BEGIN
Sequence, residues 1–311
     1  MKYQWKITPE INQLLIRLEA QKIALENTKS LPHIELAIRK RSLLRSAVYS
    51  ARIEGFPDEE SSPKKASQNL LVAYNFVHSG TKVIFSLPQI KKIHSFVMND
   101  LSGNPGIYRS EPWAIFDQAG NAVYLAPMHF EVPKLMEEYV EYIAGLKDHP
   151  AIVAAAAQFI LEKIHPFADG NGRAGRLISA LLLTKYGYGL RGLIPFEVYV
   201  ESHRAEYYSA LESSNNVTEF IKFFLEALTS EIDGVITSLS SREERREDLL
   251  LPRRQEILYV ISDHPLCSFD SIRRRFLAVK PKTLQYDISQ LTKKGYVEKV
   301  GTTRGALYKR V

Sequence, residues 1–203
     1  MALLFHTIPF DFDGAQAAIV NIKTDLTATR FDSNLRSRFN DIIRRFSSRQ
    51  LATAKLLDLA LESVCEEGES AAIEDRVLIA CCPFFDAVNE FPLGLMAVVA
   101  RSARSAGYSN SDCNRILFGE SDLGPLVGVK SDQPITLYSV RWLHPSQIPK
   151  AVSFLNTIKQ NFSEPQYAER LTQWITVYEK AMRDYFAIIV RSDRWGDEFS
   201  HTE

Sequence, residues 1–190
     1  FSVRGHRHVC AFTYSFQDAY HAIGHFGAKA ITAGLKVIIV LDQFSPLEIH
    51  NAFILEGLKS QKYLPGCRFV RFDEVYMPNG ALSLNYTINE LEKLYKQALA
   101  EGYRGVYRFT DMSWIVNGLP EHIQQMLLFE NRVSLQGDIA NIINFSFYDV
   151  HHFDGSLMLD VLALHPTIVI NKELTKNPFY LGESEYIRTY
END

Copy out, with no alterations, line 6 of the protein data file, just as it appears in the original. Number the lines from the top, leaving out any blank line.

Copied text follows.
   201  ESHRAEYYSA LESSNNVTEF IKFFLEALTS EIDGVITSLS SREERREDLL